- Museum number
Opaque watercolour painting of the temple of Shri Jambukeshvara and Akhilandeshvari on Srirangam island. Shri Jambukeshvara is one of the five South Indian temples enshrining an ‘elemental linga’, here the Appu linga, or water linga. The linga is in the innermost part of the temple, at the foot of the sacred jambu tree. The linga is sumptuously garlanded. Adjacent to the main shrine is that of the goddess Akhilandeshvari, surrounded by a maze of corridors and seven smaller shrines. The green-complexioned goddess stands in samabhanga with a floral sceptre in her right hand while her left hangs loose at her side. The complex has five gopuras (gateways), all aligned along the central axis. Two shrines dedicated to Gaṇeśa are prominently shown gracing the back enclosure wall. At the bottom of the page two diminutive ceremonial chariots are parked among palm trees. At the top of the page, in the middle of a palm grove, are two further shrines, one of which contains a garlanded linga.
- Production date
- 1830 (circa)
Height: 22.60 centimetres
Width: 17.60 centimetres
- Curator's comments
- Dallapiccola 2010:
This painting is part of an album of ninety-one paintings (1962,1231,0.13.1–91) illustrating gods, goddesses, saints and scenes from Hindu mythology. One of the most interesting features of the album are the eight major temple sites included: Srirangam, Tiruvallur, Rameswaram, Tirunelveli, Palani, Madurai, Thiruvanaikoil (Tiruvanaikka or Jambukeshvara) and Tiruchchirappalli. Furthermore, included in this series are some of the most important murtis enshrined in temples such as Venkatachalapati of Tirumala, Vitthala of Pandharpur and Thyagarajasvami of Tiruvarur. The geographical area covered by the paintings encompasses the totality of the former Madras Presidency and extends into the former Bombay Presidency, giving an insight into the most revered pilgrimage sites in early nineteenth-century southern India.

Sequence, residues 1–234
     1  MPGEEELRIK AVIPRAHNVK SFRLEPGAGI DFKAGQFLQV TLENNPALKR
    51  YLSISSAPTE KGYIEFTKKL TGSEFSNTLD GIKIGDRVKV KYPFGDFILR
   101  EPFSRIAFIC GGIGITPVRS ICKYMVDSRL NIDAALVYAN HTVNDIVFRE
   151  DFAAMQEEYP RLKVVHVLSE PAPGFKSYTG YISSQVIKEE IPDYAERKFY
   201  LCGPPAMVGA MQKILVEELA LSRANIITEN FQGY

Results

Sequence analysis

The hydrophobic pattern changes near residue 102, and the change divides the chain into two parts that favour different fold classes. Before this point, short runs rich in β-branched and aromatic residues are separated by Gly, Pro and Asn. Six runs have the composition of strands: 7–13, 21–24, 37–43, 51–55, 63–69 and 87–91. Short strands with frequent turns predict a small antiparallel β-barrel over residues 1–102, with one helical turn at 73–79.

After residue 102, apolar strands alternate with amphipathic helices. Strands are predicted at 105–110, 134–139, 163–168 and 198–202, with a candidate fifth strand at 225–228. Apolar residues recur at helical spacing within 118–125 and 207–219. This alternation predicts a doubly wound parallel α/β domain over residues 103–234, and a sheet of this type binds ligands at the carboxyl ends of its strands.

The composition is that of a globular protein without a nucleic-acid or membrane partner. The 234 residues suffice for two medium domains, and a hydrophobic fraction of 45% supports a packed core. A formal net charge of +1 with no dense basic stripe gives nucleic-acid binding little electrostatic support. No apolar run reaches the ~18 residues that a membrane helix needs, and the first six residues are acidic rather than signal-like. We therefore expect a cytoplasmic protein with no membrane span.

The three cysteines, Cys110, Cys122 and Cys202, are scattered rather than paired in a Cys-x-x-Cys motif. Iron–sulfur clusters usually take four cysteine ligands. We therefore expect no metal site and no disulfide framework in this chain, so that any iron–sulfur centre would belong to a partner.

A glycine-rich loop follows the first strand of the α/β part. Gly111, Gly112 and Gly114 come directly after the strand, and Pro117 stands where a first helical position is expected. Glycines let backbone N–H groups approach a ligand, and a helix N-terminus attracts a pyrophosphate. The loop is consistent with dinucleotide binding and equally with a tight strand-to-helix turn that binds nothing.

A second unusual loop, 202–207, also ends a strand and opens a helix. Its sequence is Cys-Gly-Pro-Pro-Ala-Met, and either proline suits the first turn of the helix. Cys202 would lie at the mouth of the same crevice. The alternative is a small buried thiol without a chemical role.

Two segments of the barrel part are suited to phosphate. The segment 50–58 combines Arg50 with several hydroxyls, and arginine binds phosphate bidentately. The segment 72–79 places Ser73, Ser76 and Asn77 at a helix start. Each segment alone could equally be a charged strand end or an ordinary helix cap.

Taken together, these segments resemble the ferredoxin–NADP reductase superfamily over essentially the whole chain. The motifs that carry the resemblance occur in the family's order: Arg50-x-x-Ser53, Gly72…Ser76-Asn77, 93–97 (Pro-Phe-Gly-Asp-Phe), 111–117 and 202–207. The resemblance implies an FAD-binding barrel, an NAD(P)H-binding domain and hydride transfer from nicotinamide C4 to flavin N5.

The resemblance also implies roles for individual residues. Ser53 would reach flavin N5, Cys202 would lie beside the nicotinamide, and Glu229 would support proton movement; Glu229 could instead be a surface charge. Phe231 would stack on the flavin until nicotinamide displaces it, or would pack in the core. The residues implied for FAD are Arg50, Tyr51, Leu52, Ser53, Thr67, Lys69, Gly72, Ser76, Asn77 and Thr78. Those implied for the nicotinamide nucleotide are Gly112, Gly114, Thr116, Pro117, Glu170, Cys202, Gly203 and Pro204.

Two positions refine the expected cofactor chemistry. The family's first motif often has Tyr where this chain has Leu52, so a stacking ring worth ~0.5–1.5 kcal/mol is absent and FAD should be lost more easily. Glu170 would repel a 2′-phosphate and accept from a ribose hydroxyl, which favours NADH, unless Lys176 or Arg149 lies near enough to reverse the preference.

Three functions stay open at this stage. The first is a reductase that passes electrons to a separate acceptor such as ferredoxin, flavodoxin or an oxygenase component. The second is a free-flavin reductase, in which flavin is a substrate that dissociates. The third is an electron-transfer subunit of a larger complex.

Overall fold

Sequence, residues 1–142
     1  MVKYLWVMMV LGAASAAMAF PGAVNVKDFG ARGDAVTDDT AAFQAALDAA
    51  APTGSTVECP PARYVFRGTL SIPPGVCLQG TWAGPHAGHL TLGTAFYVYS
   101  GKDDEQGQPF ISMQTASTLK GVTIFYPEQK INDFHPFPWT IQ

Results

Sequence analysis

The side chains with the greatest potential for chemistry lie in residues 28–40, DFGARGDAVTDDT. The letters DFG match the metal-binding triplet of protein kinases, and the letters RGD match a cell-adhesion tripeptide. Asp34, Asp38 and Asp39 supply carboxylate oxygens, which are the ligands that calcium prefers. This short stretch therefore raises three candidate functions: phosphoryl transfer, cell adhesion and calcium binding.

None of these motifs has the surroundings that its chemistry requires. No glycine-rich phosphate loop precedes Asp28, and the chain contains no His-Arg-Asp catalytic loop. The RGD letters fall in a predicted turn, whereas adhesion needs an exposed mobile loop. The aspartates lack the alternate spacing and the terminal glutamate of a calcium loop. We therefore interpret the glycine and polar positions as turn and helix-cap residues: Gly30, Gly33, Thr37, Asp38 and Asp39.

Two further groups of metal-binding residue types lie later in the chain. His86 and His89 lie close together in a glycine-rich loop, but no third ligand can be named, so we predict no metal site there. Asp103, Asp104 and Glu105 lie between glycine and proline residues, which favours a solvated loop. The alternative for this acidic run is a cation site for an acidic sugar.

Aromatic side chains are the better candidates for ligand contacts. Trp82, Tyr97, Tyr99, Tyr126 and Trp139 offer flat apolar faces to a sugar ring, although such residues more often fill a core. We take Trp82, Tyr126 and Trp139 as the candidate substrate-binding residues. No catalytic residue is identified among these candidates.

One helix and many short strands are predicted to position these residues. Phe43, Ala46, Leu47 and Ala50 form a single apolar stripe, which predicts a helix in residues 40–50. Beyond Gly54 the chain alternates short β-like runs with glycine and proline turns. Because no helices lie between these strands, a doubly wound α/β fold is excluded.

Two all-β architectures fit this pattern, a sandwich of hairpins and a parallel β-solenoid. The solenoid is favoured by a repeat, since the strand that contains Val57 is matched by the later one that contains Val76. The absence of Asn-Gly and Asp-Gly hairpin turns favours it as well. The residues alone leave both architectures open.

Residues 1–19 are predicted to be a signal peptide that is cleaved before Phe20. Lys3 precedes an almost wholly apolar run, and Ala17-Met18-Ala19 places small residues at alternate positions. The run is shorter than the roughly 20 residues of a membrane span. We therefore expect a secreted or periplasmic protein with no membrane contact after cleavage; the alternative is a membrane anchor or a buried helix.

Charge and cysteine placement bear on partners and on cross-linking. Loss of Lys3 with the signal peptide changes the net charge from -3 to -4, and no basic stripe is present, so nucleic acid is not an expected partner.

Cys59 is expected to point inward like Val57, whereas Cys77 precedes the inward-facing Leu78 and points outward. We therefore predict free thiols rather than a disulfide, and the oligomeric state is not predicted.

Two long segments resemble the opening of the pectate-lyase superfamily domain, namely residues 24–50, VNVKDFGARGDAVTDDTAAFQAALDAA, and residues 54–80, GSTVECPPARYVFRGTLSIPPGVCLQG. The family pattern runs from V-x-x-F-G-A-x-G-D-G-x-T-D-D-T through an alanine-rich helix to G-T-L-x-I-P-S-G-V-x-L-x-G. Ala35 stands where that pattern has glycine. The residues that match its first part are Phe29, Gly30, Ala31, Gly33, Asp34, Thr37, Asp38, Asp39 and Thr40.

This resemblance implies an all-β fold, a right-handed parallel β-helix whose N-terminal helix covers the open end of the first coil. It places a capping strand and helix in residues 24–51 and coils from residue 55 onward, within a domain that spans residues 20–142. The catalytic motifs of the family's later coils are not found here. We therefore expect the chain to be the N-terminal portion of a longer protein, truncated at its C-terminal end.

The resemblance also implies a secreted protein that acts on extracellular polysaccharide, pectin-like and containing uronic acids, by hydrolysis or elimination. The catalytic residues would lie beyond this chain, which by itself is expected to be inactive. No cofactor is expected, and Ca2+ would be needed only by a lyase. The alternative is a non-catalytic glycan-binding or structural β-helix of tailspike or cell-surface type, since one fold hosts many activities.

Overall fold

The drawings were first done in pencil, traces of which are still visible. In the course of his work the artist has sometimes changed his mind, as for instance in the positioning of the arms and feet of the figures. Slight shading has been consistently applied to the faces, arms and legs of the figures to suggest three-dimensionality. The vibrant colours and the delicacy of the drawings make the figures stand out from the pages.
The pages are numbered in reverse order from the back, on paper water marked ‘1820’. Occasionally, a brief note is pencilled in English, probably by a British Museum curator, at the back of some of the temple depictions. An almost identical work, albeit containing a hundred drawings, each with bilingual inscriptions in Telugu and English, is in the collection of the Victoria and Albert Museum, London (IM 355-1923 to 454-1923). The sequence of the images is similar to that in this album.
- On display (G33/dc66b/s3)
- Exhibition history
This page - BM, Gallery 33, Dec 2018 - Dec 2019
- Acquisition date
- Acquisition notes
- Transferred from the Department of Oriental Manuscripts and Printed Books (OMPB) in 1962.
- Registration number
- Additional IDs
Miscellaneous number: 1167 (Egerton number)
Miscellaneous number: 1176 (Egerton number)